In layout, the tomb of Pari Bibi resembles the more ambitious tomb of Humayun at Delhi.

Residence of the Governor

There is a third building inside the for which was used as the residence of governor. Shaista Khan used the two-storied building. The structure has an annex in the west side. Besides, there is an audience hall alongside the Hammam. Hammam is a large bathroom that the family living in the building.

The fountain in the central hall is wonderful. It is placed in the middle of the center hall and the visitors wonder at the fountain.

A dome covers the Hammam from above. The key intention was to bring sunlight inside the Hammam through the dome. A masonry tank is also available there. The tank was used to hold hot or temperate water for bathing of the family.

Besides, there are set of two stairs in two corners of the structure.  The plan of the upper and lower floor is almost similar.

The South Gate of Lalbagh Fort

Entrances

There are a couple entrances available in the fort. But the south entrance (or the south gate) is the most prominent one. The gate faces the river and it also make the entire appearance gorgeous. The gate has two large minerates with oriel windows.  

The pillars have risen upward to the sky. There is a guard room in the gate and staircase available as well. The other wonder of the fort is the fortification wall. The walls are around 25-feet in height from the ground.  

Secret Tunnels

The Lalbagh Fort is also famous for the secret tunnels. The tunnels led to several destinations, especially to another fort in Zinzira – the other side of the River Buriganga. The The Zinzira Fort is also another Mughal structure.

Besides, there were some other mazes inside the fort. The sole aim of the mazes was to confuse the intruders and attackers. After their entrance, they could not find the way to get out from the fort. They had to die by starvation as they cannot make their way out from the maze.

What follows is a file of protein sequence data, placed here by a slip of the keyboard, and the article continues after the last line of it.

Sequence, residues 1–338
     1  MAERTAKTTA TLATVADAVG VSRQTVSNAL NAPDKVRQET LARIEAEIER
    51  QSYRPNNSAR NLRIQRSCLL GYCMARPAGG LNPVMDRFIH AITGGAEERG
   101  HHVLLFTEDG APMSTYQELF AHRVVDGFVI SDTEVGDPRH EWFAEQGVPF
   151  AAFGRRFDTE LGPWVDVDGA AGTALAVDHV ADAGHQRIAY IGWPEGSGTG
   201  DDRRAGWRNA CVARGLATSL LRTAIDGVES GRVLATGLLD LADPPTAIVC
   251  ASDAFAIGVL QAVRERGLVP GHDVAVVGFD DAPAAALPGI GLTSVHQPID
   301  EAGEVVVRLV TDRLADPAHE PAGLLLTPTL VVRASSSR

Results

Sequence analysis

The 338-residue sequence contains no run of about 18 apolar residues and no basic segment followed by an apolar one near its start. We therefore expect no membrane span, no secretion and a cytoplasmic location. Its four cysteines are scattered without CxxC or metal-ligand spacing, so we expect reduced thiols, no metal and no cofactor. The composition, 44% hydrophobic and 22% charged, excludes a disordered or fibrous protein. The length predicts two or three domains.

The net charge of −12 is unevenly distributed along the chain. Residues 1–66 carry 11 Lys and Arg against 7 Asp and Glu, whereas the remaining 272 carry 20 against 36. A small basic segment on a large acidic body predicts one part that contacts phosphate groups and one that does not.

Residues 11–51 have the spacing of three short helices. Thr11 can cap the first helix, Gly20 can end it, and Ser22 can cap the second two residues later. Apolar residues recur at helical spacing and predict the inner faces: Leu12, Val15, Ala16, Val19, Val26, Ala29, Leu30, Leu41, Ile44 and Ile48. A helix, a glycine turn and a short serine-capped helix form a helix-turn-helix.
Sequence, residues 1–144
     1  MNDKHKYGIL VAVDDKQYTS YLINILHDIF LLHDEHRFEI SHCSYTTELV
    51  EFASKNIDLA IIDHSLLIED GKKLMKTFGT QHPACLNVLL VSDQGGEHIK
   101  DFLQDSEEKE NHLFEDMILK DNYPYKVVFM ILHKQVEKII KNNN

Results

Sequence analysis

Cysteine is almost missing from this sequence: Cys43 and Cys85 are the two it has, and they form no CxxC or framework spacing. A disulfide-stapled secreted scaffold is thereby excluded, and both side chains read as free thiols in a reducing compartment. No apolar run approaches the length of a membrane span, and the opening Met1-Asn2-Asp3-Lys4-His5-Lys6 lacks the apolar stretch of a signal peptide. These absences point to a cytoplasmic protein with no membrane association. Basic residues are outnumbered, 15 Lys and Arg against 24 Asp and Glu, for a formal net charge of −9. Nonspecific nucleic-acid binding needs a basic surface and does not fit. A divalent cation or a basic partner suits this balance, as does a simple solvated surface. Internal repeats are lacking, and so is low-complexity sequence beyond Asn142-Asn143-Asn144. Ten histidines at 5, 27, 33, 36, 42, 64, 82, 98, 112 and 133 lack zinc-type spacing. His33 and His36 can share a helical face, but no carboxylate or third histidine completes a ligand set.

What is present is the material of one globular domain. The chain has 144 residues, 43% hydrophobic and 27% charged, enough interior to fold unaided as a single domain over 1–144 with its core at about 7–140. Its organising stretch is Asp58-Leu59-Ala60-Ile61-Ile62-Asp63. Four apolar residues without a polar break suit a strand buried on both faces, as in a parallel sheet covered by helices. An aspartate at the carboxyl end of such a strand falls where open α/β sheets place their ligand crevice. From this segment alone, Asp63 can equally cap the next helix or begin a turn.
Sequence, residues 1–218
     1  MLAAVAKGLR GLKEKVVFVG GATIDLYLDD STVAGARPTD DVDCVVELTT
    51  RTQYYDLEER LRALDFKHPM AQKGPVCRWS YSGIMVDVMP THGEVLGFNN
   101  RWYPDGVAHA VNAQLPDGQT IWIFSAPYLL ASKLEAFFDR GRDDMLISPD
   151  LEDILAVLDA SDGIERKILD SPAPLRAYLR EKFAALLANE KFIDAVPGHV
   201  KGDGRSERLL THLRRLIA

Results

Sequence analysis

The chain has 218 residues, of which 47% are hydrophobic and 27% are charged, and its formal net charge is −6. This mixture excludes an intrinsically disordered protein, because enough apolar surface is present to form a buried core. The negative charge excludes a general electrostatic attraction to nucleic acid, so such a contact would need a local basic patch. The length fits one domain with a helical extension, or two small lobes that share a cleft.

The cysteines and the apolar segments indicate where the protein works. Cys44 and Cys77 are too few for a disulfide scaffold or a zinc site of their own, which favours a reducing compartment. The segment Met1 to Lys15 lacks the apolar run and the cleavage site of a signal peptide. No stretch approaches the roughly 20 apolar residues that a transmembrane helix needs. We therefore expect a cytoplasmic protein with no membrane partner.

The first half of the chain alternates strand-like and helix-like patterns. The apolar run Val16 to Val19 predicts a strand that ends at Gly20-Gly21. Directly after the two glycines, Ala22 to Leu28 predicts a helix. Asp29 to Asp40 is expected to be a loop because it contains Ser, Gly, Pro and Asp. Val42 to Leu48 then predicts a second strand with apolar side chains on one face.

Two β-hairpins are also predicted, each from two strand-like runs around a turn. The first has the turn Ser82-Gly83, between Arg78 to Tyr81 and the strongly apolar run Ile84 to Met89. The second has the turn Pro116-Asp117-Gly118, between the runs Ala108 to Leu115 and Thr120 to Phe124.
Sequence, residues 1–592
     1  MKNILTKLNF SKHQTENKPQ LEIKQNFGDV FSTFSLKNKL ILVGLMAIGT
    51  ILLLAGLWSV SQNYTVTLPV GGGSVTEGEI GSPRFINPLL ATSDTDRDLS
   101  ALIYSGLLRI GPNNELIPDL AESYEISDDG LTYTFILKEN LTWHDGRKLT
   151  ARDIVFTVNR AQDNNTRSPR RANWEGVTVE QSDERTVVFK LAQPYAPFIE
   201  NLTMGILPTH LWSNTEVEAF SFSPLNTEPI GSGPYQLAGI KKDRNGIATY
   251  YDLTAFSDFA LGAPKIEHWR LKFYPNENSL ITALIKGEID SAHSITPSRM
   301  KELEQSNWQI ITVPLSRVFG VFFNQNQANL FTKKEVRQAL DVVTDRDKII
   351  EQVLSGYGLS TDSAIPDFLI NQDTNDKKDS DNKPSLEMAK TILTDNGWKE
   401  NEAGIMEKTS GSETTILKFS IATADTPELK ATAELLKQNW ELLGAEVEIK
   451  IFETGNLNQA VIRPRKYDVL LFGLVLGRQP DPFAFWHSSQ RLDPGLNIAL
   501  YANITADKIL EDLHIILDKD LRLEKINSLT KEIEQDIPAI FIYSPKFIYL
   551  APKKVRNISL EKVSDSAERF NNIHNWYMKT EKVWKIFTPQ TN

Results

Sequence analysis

Besides, many of the mutant soldiers of Sepoy Mutini died here. During the colonial era, the British soldiers chased them to enter into the maze. As a result, they could not get out and died consequently.

However, the secret tunnels were sealed and now you can find some signs of the tunnel beside the south entrance.

Lalbagh Fort entry fees

  • Natives: Tk 20
  • Tourists from SAARC states: Tk 100
  • Foreign nationals: Tk 200

Hours of Visit 

During Summer (from April to September)

  • Saturday– Tuesday: 10.00 AM – 01.00 PM, 01.30 PM – 06.00 PM
  • Friday: 10.00 AM – 12.30 PM, 02.30 PM – 06.00 PM
  • Sunday: Weekly Holiday
  • Monday: 02.30 PM – 06.00 PM

During Winter (from October to March)

  • Saturday – Tuesday: 09.00 AM – 01.00 PM, 01.30 PM – 05.00 PM
  • Friday: 09.00 AM – 12.30 PM, 02.00 PM – 05.00 PM
  • Sunday: Weekly Holiday
  • Monday: 01.30 PM – 05.00 PM

Eid Holidays

Usually, Lalbagh Fort is closed before and during the Eid day. No visitors are allowed that day. But it will resume operations from the next day after the Eid day.

Govt. Holidays

  • Besides, the Fort remains close to observe the government holidays as well.

During Ramadan

  • During the holy month of Ramadan, the Fort is closed at 04.00 PM every day.

If you have previous experience of visiting Lalbagh Fort, you can share your thoughts and ideas with us.

Make a comment at the comment section below and let us know your experience.